Sampling a natural wetland close to Cape Agulhas, the most southerly point in Africa
In 2015, Professor Bilton published research about Capelatus prykei, a beetle so different from any of the world’s other diving beetles that it was placed in a new genus all of its own
The first specimens were sent to us by James Pryke, who is now an academic at Stellenbosch University – he found them when he was doing his PhD on wetlands around Cape Town. Clive Turner (one of the co-authors on the Capelatus paper) and I recognised pretty much straight away that this was something really unusual, owing to its relative size and shape and the scratches on its wing cases. Initially we thought it must be known already, but clearly we couldn’t find anything to match. We were then both in the Natural History Museum in London, and looked through the drawers of un-named diving beetles. There are thousands of un-named specimens, that no-one has got around to working on, but most of these, even if they may in some cases be undescribed species, are in known groups – so not that unusual really.
Scanning the collection drawers, we spotted a series of 12 specimens of this beetle, collected in the 1950s from very close to where James got his beetles, but in an area which is now covered by settlements on the edge of Cape Town. At this point we were sure we had something interesting. Around the same time, we got James to send a fresh specimen for DNA sequencing, which allowed us to see where this beetle fits into the radiation of diving beetles. I also visited the area James collected Capelatus and worked out its habitat requirements. I’ve found it at the type locality a couple of times, but nowhere else at all, despite looking. One thing I really like about this beetle is that to the uninitiated it just looks like yet another black diving beetle, but in reality is something quite special!
I’ve described over 50 new species - three woodlice (one of which was from Dartmoor), all the rest water beetles. I probably have around that number still waiting to be worked through or in the process of being published. It is modest when one considers that there are probably at least 2million undescribed beetles on earth, but a fairly significant contribution to our understanding of the Cape fauna as most of the beetles are from South Africa.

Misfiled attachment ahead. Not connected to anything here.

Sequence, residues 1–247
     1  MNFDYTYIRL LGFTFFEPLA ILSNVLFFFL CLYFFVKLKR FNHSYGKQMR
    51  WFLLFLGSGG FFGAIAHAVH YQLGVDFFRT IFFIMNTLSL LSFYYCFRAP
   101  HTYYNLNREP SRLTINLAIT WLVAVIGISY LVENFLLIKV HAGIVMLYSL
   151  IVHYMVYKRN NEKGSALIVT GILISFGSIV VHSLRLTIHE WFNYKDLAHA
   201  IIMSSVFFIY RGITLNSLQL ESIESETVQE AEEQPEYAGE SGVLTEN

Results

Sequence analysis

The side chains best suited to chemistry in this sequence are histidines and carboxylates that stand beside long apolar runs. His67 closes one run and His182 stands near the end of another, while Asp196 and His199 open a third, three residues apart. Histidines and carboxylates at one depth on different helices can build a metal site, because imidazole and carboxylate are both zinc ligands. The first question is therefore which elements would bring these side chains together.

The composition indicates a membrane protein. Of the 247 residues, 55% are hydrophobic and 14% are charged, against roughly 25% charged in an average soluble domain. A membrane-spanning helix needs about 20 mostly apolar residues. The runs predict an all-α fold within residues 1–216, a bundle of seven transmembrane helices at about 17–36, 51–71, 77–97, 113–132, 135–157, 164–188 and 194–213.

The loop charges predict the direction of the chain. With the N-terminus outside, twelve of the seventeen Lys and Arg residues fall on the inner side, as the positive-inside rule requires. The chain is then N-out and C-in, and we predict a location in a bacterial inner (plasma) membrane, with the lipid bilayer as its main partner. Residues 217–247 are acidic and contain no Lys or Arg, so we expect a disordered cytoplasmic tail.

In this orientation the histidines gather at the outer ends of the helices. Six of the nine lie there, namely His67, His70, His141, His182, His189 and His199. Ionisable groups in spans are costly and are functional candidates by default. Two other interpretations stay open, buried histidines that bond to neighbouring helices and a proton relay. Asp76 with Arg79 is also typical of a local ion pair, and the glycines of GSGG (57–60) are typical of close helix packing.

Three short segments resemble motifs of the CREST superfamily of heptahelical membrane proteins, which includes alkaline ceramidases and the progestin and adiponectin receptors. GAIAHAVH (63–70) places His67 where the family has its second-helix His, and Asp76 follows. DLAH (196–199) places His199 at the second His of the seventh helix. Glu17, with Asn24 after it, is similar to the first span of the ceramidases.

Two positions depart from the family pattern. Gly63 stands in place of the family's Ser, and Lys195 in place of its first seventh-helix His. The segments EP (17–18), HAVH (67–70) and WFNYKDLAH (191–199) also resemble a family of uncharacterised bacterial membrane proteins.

Plans for future research
As well as continuing to explore new areas and habitats, we are developing two additional lines of research. In both cases these are only possible due to taxonomic work we’ve been doing and the detailed knowledge of the fauna this has brought. One line of investigation is disentangling the evolutionary history of some of the key groups in the Cape water beetle fauna, which will be the first time really this has been attempted on this scale for animals.
We particularly want to understand where the closest relatives of Cape lineages can be found and why some taxa are so diverse in the Cape – is there any evidence of high speciation rates and/or low extinction? Second, we want to extend work we’ve done in Europe on the role of physiology in setting geographical range limits to southern temperate taxa in southern Africa. We suspect that the southern temperate groups are, for a number of reasons, likely to be more sensitive to climate change than their northern hemisphere equivalents, but no-one’s really tested this to date. In both cases I’ll be working with colleagues in South Africa and elsewhere.
Involving students in research
One of the places we do our field work in the National Park has turned up two new water beetle species, one of which is still known only from this one lagoon. Students get the chance to see these each year, alongside many other species only found in the Western Cape, some of which are pretty odd. There is a ‘dung’ beetle which has switched to feeding on freshly dead giant millipedes rather than animal dung, and bladder grasshoppers – the males of these have swollen gas-filled abdomens that one can see through, which act as amplifiers. There are also many species of giant limpets that carpet the rocky shores and are pretty special, as are the huge isopods (like giant woodlice) feeding on washed up kelp. Really strange animals.
In their final year our students can learn more about what exactly species are and how they evolve in a final year course I teach on these topics, something which does include some of my research.
I also give the students the opportunity to see some of the new taxa I’ve named, including type specimens, something which proves very popular and is unique in their degrees. Our second year field course is about biodiversity; what it is, how you study it and what generates it – including why some places much more diverse than others.
Marine, freshwater and terrestrial habitats are special in this area, and they get to do hands-on work in all three.
The Marine Biology and Ecology Research Centre (MBERC)
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BSc (Hons) Marine Biology and Coastal Ecology